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I have the original images in a directory structure that looks like this:

./Alabama/1.jpg
./Alabama/2.jpg
./Alabama/3.jpg
./Alaska/1.jpg
...the rest of the states...

I wanted to convert all of the original images into thumbnails so I can display them on a website. After a bit of digging / experimenting, I came up with the following Linux command:

find . -type f -iname '*.jpg' | sed -e 's/\.jpg$//' | xargs -I Y convert Y.jpg -thumbnail x100\> Y-small.jpg

It recursively finds all the jpg images in my subdirectories, removes the file type (.jpg) from them so I can rename them later, then makes them into a thumbnail and renames them with '-small' appended before the file type.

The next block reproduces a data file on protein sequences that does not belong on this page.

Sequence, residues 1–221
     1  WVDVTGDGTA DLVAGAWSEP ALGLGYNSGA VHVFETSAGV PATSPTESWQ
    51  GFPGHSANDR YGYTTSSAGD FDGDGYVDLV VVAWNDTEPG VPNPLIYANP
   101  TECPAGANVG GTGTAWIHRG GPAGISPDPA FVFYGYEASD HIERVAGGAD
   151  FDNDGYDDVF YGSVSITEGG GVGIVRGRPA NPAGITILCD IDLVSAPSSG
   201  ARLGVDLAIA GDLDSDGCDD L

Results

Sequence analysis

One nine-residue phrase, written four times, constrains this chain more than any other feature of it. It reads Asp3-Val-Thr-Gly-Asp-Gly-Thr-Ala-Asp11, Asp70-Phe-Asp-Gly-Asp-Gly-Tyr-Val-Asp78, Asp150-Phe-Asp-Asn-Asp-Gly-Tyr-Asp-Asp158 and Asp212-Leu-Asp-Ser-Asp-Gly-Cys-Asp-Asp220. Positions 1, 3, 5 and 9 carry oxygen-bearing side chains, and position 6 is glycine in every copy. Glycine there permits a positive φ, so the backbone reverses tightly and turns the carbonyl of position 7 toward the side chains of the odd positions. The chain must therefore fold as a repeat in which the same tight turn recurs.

It worked for my purposes, but its a tad complicated and it isn't very robust. For example, I'm not sure how I would insert 'small-' at the beginning of the file's name (so ./Alabama/small-1.jpg).

Questions:

  1. Is there a better, more robust way of creating thumbnails from images that are located in multiple subdirectories?
  2. Can I make the existing command more robust (for example, but using sed to rename the outputted thumbnail before it is saved- basically modify the Y-small.jpg part).
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If it is always just one level of directories below your position, you could try looping this way:

for dir in *; do
  [ ! -d "$dir" ] && continue; # skip non-directory entries, i.e. additional files
  cd "$dir"
  for file in *.jpg; do
    convert -thumbnail x100 "$file" "small-${file}" # creates e.g. small-1.jpg
  done
done
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